Posts Tagged ‘Ship’


All aboard for the LARISSA cruise

January 4, 2010

Research Vessel (RV) N.B Palmer, dockside Punta Arenas, Chile

Ted writes:

Things are nearly packed, and the full crew and science team are now living aboard the N.B. Palmer. But we are still at the pier in Punta Arenas, awaiting a few items for the science work. Already, though, it is as if the cruise has begun: most of us eat our meals in the galley, the labs are busy in preparation, the hallways are bustling, and the decks are active with moving and strapping down cargo.

The LARISSA 2010 cruise will depart today at around 2 p.m., head east through the Straits of Magellan, then turn right and cross the fabled Drake Passage. The Drake Passage may be churning with monstrous waves and intense gales, or if we’re lucky it may be calm. The Lawrence Gould (another U.S. research ship) recently had a smooth and remarkably easy trip, and we’re sure that means the Palmer is in for the works. With luck, we’ll be across in four days or so, and then we’ll begin a huge science agenda. Every facet of earth and life sciences will be of interest to this group, and we are equipped to measure all of it.

The LARISSA AMIGOS and GPS team is all packed. The gear is on a flat-rack in the hold and we have set up an office and workshop in one of the dry lab areas aboard ship.

Ronald in the lab onboard the ship

Cargo 'flat-rack' in hold of the N.B. Palmer


Punta Arenas, Chile

December 3, 2009

Rob writes:

We arrived in Punta Arenas last night around 10 p.m. local time. Carola, a representative from the support group, AGUNSA, met us at the airport and arranged transportation to a local hotel. It was good to finally take a break from traveling. We had about 28 hours of airports and airplanes since leaving Denver, and we were ready for a little sleep.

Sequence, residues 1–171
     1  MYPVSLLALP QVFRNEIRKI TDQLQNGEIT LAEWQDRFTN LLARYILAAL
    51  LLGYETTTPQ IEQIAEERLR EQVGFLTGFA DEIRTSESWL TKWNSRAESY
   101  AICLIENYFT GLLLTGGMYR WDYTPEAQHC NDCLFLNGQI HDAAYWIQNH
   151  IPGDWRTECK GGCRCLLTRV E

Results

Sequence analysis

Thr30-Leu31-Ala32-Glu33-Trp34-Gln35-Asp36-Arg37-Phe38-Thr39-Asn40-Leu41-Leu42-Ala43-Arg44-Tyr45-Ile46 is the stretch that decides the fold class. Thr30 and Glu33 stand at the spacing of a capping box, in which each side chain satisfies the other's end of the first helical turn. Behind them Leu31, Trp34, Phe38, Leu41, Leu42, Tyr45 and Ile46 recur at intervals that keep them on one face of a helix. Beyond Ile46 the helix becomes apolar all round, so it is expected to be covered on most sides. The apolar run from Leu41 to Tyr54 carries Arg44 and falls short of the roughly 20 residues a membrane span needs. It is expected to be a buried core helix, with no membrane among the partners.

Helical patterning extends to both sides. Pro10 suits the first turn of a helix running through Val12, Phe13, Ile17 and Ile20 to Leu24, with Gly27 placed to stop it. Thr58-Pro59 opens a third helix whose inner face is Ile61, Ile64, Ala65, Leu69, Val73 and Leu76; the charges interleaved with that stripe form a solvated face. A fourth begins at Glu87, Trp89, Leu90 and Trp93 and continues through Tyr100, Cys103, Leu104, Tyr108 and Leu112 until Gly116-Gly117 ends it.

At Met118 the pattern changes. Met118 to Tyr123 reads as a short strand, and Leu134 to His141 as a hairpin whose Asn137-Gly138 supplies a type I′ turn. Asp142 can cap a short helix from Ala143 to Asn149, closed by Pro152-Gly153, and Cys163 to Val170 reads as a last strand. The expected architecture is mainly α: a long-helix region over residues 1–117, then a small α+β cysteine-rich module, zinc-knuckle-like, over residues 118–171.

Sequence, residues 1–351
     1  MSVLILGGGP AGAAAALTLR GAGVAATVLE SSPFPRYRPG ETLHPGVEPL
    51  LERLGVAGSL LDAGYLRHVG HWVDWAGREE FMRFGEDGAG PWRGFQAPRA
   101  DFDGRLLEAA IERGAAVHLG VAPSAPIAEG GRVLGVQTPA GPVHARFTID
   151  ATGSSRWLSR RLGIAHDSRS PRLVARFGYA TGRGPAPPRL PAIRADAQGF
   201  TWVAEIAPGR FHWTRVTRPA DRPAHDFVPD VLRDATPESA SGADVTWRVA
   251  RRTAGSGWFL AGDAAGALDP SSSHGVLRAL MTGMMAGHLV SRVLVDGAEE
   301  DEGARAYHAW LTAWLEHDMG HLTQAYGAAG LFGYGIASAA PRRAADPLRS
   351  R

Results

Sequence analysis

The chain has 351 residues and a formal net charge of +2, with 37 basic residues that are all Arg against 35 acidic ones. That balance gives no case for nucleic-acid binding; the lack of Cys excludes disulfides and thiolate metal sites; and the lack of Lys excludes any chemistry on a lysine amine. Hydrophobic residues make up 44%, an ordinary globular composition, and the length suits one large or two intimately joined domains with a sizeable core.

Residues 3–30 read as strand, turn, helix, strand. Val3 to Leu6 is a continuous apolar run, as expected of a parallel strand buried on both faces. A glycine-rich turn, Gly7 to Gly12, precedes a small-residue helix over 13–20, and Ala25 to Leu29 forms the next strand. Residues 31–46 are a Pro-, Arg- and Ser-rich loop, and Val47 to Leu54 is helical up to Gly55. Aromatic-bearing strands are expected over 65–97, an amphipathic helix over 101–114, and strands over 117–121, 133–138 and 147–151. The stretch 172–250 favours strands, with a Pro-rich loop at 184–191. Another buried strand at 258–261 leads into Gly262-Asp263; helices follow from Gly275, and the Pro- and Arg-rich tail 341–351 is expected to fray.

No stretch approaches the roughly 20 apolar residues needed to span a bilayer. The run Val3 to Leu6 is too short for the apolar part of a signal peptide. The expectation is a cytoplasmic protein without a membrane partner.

Ted and Magellan

Ted Scambos rubs the toe of a figure on the Magellan Statue, for good luck

This morning we walked through town on our way to the AGUNSA warehouse at the seaport. We made sure to pay homage to the statue of Ferdinand Magellan. For good luck in Antarctica, you must rub the brass toe of one of the figures on the Magellan statue. If you travel through Christchurch, New Zealand, you have to go find the statue of the famous polar explorer Roald Amundsen and rub his nose. That statue of Amundsen has what is possibly the shiniest nose of any you’ll see!

Further on, at the warehouse, the equipment manager, Octavio, outfitted us for the wilds of the Antarctic Peninsula. Many thanks, Octavio!

After gathering various odds and ends, we strolled down the pier for a spur of the moment visit to the British Research vessel RRS James Cook, one of the newest research ships on the sea. Built in Norway, the James Cook operates worldwide, from the tropics to the edge of the ice sheets in Greenland and Antarctica, enabling cutting edge multidisciplinary research. The Chief Officer, Richard, showed us around the very modern vessel, pointing out the research facilities and the impressive engineering spaces.

Later this afternoon, we’ll be out gathering last minute equipment for the field (a pair of field glasses or binoculars and some treats from the local market).

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